November 20, 2009 · by Reid Dossinger
Friday brings us to the close of the week and the usual recap of what’s fresh and new here at nap.edu. Next week’s post may be a little delayed by the Thanksgiving holiday, but if there’s new stuff, we’ll be sure you know.
Featured New Book
The U.S. military forces currently face a nontraditional threat from insurgents and terrorists who primarily employ improvised explosive devices, and have shown a cycle of adaptation of less than 12 months to responses by U.S. forces to counter these attacks. This constantly evolving threat requires U.S. military forces to adapt and respond more rapidly with modified tactics, technologies, and/or equipment.
In response to this need for new technologies, the Rapid Reaction Technology Office (RRTO) was established in 2006 to develop technologies that can mature in 6 to 18 months for purposes of counterterrorism. Although RRTO appears to be successfully fulfilling its mission, the agency seeks to understand and address barriers to and opportunities for meeting future counterterrorism needs–including the need to accelerate the transition of technologies for counterterrorism with an eye to countering emerging and anticipated threats. This book reviews RRTO approaches and provides a set of recommendations for potential improvements to help meet these needs for rapid technology development.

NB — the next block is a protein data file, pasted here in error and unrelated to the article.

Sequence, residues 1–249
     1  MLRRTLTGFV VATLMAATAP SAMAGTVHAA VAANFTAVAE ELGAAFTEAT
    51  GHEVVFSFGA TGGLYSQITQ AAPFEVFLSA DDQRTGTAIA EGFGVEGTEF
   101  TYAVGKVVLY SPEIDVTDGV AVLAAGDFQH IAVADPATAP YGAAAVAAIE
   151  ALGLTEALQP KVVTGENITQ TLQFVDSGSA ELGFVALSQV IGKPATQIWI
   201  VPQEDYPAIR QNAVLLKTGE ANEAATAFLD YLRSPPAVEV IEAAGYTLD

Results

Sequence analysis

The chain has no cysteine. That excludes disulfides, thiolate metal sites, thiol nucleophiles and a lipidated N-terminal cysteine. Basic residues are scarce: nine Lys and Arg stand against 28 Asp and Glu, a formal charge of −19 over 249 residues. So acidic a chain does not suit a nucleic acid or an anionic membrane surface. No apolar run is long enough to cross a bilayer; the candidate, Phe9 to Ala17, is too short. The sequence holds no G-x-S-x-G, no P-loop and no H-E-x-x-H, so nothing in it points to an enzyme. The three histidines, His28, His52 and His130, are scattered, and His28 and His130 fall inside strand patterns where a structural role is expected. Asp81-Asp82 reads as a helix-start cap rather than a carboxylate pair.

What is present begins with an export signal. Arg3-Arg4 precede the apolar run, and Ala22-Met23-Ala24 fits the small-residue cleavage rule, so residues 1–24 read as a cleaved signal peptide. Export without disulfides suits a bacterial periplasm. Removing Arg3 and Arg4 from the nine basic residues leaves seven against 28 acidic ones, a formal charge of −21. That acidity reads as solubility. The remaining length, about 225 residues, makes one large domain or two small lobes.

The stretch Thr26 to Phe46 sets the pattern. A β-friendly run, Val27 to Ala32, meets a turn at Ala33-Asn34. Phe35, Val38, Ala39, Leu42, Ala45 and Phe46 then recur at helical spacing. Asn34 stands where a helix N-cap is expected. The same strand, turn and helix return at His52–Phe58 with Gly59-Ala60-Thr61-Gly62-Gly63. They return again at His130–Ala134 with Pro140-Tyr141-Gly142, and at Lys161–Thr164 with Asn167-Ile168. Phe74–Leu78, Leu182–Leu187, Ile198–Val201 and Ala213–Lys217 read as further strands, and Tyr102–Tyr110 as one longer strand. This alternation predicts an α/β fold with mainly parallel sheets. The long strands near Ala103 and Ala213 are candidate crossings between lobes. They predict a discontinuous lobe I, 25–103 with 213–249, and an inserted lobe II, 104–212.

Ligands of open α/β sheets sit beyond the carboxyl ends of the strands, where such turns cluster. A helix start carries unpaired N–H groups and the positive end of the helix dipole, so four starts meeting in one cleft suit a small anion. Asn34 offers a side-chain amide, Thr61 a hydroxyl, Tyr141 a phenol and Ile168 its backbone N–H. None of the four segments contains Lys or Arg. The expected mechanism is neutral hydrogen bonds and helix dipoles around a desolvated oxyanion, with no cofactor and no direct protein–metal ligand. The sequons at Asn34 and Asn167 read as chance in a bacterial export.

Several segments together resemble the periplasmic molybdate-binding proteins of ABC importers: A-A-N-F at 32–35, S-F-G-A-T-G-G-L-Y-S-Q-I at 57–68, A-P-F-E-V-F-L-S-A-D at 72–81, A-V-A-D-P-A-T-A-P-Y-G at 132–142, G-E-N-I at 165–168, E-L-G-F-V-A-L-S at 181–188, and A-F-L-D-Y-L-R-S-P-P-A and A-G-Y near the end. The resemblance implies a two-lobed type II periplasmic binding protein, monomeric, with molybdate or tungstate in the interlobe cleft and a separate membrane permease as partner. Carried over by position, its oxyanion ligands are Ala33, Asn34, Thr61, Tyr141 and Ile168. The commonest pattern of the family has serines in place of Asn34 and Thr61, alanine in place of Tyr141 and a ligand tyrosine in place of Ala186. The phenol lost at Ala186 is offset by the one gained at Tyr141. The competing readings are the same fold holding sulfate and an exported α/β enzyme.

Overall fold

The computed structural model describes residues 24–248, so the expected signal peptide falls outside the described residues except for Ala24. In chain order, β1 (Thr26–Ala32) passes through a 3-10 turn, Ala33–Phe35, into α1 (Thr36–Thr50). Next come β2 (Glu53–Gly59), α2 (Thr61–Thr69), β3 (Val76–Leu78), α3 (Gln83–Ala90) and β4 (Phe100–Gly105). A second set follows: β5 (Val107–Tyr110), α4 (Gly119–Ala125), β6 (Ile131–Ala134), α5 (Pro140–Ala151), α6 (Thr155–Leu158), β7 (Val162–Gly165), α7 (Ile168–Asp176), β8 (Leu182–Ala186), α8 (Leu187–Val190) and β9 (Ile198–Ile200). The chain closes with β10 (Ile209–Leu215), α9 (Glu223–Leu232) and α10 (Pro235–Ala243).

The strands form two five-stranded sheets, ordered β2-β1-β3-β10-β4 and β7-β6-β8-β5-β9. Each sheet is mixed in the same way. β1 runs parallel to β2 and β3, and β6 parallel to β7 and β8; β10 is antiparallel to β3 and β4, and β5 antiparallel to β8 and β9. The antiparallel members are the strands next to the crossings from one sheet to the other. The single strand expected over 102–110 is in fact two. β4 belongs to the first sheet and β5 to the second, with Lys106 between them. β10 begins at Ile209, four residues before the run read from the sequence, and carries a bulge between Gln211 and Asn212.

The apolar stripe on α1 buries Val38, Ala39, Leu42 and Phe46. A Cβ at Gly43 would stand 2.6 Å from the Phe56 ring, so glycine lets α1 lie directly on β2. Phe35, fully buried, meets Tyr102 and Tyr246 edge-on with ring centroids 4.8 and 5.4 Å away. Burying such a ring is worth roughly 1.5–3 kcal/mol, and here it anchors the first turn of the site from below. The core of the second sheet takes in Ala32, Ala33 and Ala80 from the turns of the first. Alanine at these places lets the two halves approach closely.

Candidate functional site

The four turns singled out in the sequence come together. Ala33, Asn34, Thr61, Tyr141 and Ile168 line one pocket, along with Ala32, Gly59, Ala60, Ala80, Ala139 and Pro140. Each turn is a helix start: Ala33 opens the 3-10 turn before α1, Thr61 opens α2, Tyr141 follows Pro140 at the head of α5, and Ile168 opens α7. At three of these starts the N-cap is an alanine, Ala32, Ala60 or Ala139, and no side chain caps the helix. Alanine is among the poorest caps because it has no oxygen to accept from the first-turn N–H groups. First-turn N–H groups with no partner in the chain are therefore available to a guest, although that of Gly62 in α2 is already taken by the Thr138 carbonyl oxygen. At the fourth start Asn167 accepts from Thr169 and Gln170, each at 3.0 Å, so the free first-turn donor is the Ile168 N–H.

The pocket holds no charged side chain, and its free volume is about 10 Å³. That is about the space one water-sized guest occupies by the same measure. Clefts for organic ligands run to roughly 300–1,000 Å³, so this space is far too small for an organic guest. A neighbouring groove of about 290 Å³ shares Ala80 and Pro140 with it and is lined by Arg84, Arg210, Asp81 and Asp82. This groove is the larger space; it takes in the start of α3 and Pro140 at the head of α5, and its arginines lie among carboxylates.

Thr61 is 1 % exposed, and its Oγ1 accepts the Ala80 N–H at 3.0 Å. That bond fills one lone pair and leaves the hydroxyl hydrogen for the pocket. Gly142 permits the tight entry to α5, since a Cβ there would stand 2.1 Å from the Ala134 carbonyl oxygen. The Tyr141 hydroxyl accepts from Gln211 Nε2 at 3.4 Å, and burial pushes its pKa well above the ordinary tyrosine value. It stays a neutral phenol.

All New Books This Week
Disposal of Legacy Nerve Agent GA and Lewisite Stocks at Deseret Chemical Depot: Letter Report (final)
Research at the Intersection of the Physical and Life Sciences (prepublication)
Landscapes on the Edge: New Horizons for Research on Earth’s Surface (prepublication)
Crisis Standards of Care: Summary of a Workshop Series (prepublication)
Review of the Bureau of Reclamation’s Corrosion Prevention Standards for Ductile Iron Pipe (final)
Ensuring the Integrity, Accessibility, and Stewardship of Research Data in the Digital Age (final)
Veterans and Agent Orange: Update 2008 (final)
A New Biology for the 21st Century: Ensuring the United States Leads the Coming Biology Revolution (final)
Biographical Memoirs: V. 91